Mrs. Ha’s rice rolls eatery is one of the well-known restaurants in Ha Giang in the northern highlands, which has been in business for three generations.
On weekends, Mrs. Ha sells nearly 1,000 servings of banh cuon, or steamed rice rolls, each day. Sometimes, there are up to 100 customers dining at the eatery.
Mrs. Ha, 88, is unable to pinpoint the precise date that her family first began selling rice rolls. She only recalls beginning to assist her parents at the restaurant when she was quite little. She still assists in setting up the tables each morning and brings the dipping broth to the customers despite her advanced age.
Mrs. Ha helps with her family’s steamed rice rolls eatery in Ha Giang Province. Photo by VnExpress/Xuan Phuong
“The place is quite crowded, so sometimes we cannot serve the food quickly enough,” she said. “I hope it does not bother our customers when they have to wait a while.”
Bui Thai, Mrs. Ha’s daughter, is a third generation successor to the family business. Her mother taught her how to prepare banh cuon when she was a little girl. Thai said that the restaurant is busiest on Friday through Sunday, when many visitors visit Dong Van old town, which is 160 kilometers from Ha Giang.
“Everyone has to wake up at 1 a.m. to prepare the ingredients,” she said.
Bui Thai puts plates of rice rolls on a tray as her customers wait in line. Photo by VnExpress/Xuan Phuong
Ingredients for making rice rolls Ha Giang style include rice flour, ground pork, wood ear mushroom, pork bones, pork rolls and spices. Thai explained that the rice flour is locally purchased. The flour is soaked overnight to soften it and then is mixed with spices which transform it into a white batter. When customers order, Thai will pour the batter onto a specialized steamer to cook. The rice batter is finished cooking after about three minutes. She then stuffs it with pork and stir-fried woodear mushrooms before rolling it up. The rolls are divided into smaller pieces and placed on a plate. Fried shallots and coriander are then added on top.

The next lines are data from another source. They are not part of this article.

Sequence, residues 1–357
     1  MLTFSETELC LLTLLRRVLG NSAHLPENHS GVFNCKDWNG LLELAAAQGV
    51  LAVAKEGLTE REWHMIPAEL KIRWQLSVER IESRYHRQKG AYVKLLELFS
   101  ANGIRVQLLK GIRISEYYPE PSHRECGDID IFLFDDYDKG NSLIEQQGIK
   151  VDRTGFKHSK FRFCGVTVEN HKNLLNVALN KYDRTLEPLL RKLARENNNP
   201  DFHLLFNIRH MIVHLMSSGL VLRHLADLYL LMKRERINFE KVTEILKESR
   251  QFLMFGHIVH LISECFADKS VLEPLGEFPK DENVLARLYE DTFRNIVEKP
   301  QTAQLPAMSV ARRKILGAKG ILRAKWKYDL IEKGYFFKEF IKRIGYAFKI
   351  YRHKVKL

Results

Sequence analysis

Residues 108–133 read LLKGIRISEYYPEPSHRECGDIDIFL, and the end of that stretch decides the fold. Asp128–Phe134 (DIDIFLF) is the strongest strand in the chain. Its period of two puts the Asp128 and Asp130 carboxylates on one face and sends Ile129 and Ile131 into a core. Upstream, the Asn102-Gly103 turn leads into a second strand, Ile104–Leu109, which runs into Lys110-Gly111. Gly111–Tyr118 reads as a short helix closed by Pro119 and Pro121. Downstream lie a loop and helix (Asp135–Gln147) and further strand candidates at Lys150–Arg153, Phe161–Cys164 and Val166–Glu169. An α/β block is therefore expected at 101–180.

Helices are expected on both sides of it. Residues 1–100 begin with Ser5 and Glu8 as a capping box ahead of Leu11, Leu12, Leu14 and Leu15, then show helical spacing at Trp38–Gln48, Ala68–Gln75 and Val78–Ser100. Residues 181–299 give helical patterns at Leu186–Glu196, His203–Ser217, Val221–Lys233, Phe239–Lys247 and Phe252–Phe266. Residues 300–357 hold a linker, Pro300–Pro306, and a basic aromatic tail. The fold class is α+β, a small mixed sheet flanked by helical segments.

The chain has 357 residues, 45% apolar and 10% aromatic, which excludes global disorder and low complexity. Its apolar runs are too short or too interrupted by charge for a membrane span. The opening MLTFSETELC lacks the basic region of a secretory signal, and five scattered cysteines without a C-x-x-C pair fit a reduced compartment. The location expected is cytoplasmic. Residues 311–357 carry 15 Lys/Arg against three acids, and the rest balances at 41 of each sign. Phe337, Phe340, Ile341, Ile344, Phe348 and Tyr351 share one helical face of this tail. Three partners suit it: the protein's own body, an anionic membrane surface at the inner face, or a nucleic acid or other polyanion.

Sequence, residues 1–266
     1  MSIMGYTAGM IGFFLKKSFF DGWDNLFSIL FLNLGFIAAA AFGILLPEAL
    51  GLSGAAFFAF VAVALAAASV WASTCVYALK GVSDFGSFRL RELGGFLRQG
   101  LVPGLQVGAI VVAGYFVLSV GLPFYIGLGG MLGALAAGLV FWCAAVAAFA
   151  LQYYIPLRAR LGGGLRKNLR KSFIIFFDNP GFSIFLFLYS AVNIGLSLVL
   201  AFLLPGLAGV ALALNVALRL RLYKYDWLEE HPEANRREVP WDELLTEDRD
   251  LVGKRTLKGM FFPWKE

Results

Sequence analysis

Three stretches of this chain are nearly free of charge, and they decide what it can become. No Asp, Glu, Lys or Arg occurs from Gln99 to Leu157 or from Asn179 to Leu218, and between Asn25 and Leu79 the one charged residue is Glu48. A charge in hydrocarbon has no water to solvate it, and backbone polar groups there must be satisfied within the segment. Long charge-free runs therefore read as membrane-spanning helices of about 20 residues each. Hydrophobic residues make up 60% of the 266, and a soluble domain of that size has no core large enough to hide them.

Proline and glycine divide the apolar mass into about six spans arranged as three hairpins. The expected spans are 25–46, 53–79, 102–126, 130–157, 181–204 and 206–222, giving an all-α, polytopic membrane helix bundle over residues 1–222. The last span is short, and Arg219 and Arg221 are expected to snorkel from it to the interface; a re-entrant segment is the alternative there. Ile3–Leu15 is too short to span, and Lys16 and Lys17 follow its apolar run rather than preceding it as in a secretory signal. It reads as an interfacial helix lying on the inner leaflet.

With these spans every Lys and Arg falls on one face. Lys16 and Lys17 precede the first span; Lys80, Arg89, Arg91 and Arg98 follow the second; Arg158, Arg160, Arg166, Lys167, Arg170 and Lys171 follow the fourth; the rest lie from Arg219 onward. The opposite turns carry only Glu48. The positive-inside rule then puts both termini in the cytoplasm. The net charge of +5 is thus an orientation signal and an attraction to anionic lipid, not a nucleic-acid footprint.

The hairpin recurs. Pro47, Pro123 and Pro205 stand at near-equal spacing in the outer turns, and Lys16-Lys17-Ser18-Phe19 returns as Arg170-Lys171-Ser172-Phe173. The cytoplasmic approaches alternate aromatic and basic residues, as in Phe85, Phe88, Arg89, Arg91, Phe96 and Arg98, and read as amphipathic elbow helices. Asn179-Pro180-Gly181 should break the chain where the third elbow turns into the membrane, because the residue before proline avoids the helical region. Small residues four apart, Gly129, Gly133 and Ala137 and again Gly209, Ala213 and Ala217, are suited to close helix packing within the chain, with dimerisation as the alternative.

Rice rolls in Ha Giang are served with a cup of dipping broth, instead of fish sauce like in other regions. Pork bones are used to boil the broth, giving it a savory and sweet flavor. Customers say that eating rice rolls with hot broth keeps them warm on chilly mornings.
Rice rolls topped with pork floss and fried onions are served with a bowl of hot broth that contains sausages, herbs and chili. Photo by VnExpress/Xuan Phuong
Pork rolls are served along with the broth in a separate bowl. The broth is a little light, so you can add seasoning to your liking.
The rice rolls are still steaming when they are served. Most diners adore the dish for its soft rolls and the combination of flavorable fillings such as fried shallots and herbs.
Van Nam, a tourist, said that Mrs. Ha’s rice rolls are soft and delicious. The broth is something new to him as well. “The shop is very crowded, thus the food is made to order. If you are in a hurry, this place may not be the one for you,” he said.
The store offers egg rice rolls called banh cuon trung in addition to conventional rice rolls. After the batter is poured onto the steamer, the cook adds an egg, and lets the dish cook for a few minutes. The result is the delicious slightly yellow rice rolls.
Mrs. Ha’s shop is open from 6 a.m. to noon. Each order costs VND35,000 ($1.48).
Eggs are added to the rice paper before it is rolled up. Photo by VnExpress/Xuan Phuong
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